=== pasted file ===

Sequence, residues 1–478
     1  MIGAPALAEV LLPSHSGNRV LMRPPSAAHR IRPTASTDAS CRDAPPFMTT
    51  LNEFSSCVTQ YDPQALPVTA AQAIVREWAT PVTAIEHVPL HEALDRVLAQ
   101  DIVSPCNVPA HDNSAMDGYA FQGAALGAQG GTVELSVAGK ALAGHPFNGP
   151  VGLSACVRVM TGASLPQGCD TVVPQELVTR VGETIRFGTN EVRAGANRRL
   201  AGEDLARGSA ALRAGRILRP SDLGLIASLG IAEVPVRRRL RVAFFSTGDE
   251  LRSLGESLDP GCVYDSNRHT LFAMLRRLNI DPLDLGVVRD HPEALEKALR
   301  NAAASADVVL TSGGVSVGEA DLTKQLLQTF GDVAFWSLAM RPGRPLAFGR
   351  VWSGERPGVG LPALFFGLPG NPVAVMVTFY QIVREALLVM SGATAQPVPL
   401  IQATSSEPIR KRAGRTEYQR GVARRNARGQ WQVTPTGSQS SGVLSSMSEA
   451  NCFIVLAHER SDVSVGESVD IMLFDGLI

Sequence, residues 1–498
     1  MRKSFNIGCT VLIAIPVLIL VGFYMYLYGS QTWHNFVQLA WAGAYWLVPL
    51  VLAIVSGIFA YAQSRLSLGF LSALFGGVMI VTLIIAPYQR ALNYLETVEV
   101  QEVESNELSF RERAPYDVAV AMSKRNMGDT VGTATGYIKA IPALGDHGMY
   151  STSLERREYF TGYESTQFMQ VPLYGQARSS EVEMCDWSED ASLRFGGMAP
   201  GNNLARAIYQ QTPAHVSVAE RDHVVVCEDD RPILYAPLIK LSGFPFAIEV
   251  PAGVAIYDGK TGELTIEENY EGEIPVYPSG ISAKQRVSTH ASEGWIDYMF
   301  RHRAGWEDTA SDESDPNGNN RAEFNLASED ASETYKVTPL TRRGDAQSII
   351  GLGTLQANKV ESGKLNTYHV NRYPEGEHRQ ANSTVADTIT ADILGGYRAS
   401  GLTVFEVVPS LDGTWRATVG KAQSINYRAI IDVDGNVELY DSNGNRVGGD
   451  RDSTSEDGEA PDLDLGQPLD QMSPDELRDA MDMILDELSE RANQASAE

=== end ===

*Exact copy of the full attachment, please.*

Sequence, residues 1–478
     1  MIGAPALAEV LLPSHSGNRV LMRPPSAAHR IRPTASTDAS CRDAPPFMTT
    51  LNEFSSCVTQ YDPQALPVTA AQAIVREWAT PVTAIEHVPL HEALDRVLAQ
   101  DIVSPCNVPA HDNSAMDGYA FQGAALGAQG GTVELSVAGK ALAGHPFNGP
   151  VGLSACVRVM TGASLPQGCD TVVPQELVTR VGETIRFGTN EVRAGANRRL
   201  AGEDLARGSA ALRAGRILRP SDLGLIASLG IAEVPVRRRL RVAFFSTGDE
   251  LRSLGESLDP GCVYDSNRHT LFAMLRRLNI DPLDLGVVRD HPEALEKALR
   301  NAAASADVVL TSGGVSVGEA DLTKQLLQTF GDVAFWSLAM RPGRPLAFGR
   351  VWSGERPGVG LPALFFGLPG NPVAVMVTFY QIVREALLVM SGATAQPVPL
   401  IQATSSEPIR KRAGRTEYQR GVARRNARGQ WQVTPTGSQS SGVLSSMSEA
   451  NCFIVLAHER SDVSVGESVD IMLFDGLI

Sequence, residues 1–498
     1  MRKSFNIGCT VLIAIPVLIL VGFYMYLYGS QTWHNFVQLA WAGAYWLVPL
    51  VLAIVSGIFA YAQSRLSLGF LSALFGGVMI VTLIIAPYQR ALNYLETVEV
   101  QEVESNELSF RERAPYDVAV AMSKRNMGDT VGTATGYIKA IPALGDHGMY
   151  STSLERREYF TGYESTQFMQ VPLYGQARSS EVEMCDWSED ASLRFGGMAP
   201  GNNLARAIYQ QTPAHVSVAE RDHVVVCEDD RPILYAPLIK LSGFPFAIEV
   251  PAGVAIYDGK TGELTIEENY EGEIPVYPSG ISAKQRVSTH ASEGWIDYMF
   301  RHRAGWEDTA SDESDPNGNN RAEFNLASED ASETYKVTPL TRRGDAQSII
   351  GLGTLQANKV ESGKLNTYHV NRYPEGEHRQ ANSTVADTIT ADILGGYRAS
   401  GLTVFEVVPS LDGTWRATVG KAQSINYRAI IDVDGNVELY DSNGNRVGGD
   451  RDSTSEDGEA PDLDLGQPLD QMSPDELRDA MDMILDELSE RANQASAE